The man who helped found the Longhorn soccer program eight years ago and then left the team has returned as head coach.
Roger Wholly, also a PHS science teacher, was appointed this spring as head coach to replace Byron Quinlan who resigned last fall after one year at the helm of the program.
Wholly becomes the team's fourth head coach. The others before Quinlan were Alfonzo Munoz and Dave Greiner.
In the early days of the Longhorn soccer team, Munoz and Wholly spearheaded the move to have the program recognized by the school district governing board.
In 1994 and 1995, Munoz served as head coach and Wholly as the jayvee coach.
"Alfonzo had (varsity) experience and I didn't, so he took the head (coaching) position," Wholly said.
After the team experienced early success and gained recognition as a PHS varsity sport, Wholly departed the prep scene, but continued to actively coach on the youth level.
For the past two years, he and his wife Kim have coached a 10- to 12-year-old coed allstar team that competes locally and in the Grand Canyon State program.
Wholly first began playing soccer as a junior high school student in Massachusetts. He also has served as an assistant coach on the Kickers youth squad and is currently fielding boys and girls 14-and-under teams to participate in the Phoenix GC games June 15 and 16.
What it takes
"I think I have a good vision for the team," Wholly said,
That foresight includes discipline, proper conditioning and making an annual run at the state championship.
"If the players' intent is not to become (Class) 3A champs, they shouldn't be on the field," Wholly said.
For next year's team to earn the school's first state title, the coach said, the athletes must take the game more seriously.
He said he'll stress a strict and positive discipline code that will keep players focused on the tasks at hand.
"Attitude and 'coachability' will be important to making the team," he said.
Wholly said he envisions his demands for accountability being successful because of the high caliber of athletes moving onto the varsity team.
"The level of players has greatly improved over the past five years and I think they really want to win," he said.
One of the changes under Wholly that will be immediately obvious to local fans is the smaller roster size.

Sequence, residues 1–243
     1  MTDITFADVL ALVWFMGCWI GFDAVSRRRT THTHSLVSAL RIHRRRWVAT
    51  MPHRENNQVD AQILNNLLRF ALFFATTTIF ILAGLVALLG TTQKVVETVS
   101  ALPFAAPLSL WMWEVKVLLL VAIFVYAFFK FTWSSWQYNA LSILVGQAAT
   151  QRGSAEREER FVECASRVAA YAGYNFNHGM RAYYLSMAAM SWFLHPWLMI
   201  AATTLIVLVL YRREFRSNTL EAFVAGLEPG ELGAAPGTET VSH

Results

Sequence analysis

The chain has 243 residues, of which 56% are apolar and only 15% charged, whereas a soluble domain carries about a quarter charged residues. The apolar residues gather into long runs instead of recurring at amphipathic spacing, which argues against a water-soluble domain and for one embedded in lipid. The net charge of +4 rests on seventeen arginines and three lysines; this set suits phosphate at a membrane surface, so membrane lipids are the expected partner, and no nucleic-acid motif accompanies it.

To increase efficiently, the coach said, he'll cut the varsity roster to 15 or 16 players from approximately 18 who have been traditionally kept on the team. Because there will be roster cuts, Wholly said it will crucial for aspiring players to report on the first day of practice in topnotch physical condition.
"Those who don't," he said, "probably won't make (the team)."
To help the players improve their conditioning, strength and skill levels, Wholly is conducting preseason sessions of indoor soccer in the old PHS gymnasium from 3:30 p.m. to 5 p.m. every Monday and Wednesday.
"It would help if they (the players) would also take up jogging for endurance," the coach said.
Also, varsity hopefuls can take advantage of the PHS weight room Wholly is supervising from 1 p.m. to 3 p.m. weekdays.
The coach is also encouraging players to take advantage of the Payson Longhorn Soccer camp, July 23 to 26 on the Rumsey park multipurpose field. On hand to coach the campers will be two of the most highly regarded collegiate coaches in the state. Mike Pantaloine and Hugh Bell, of Prescott Yavapai College, have built the Roughrider program into one of the best in the country.
At the camp, the Yavapai coaches will teach skills, strategy, rules of the sport and also work to condition the youngsters.
The fee is $120, which includes camp T-shirt, water bottle and soccer ball.
To register for the camp, call Wholly at 474-2233.
Thus far, about the only glitch in Wholly's taking over the program has been the lack of a jayvee coach.
Although he and athletic director, Dave Bradley, have sent out feelers to prospective coaches, none have accepted the position.
If a coach doesn't turn up soon, Wholly said, the jayvee program will probably be canceled.
"I hope that doesn't happen, but we can't have a team without a coach," he said.
Call Bradley at 474-2233 for more information on the coaching vacancy.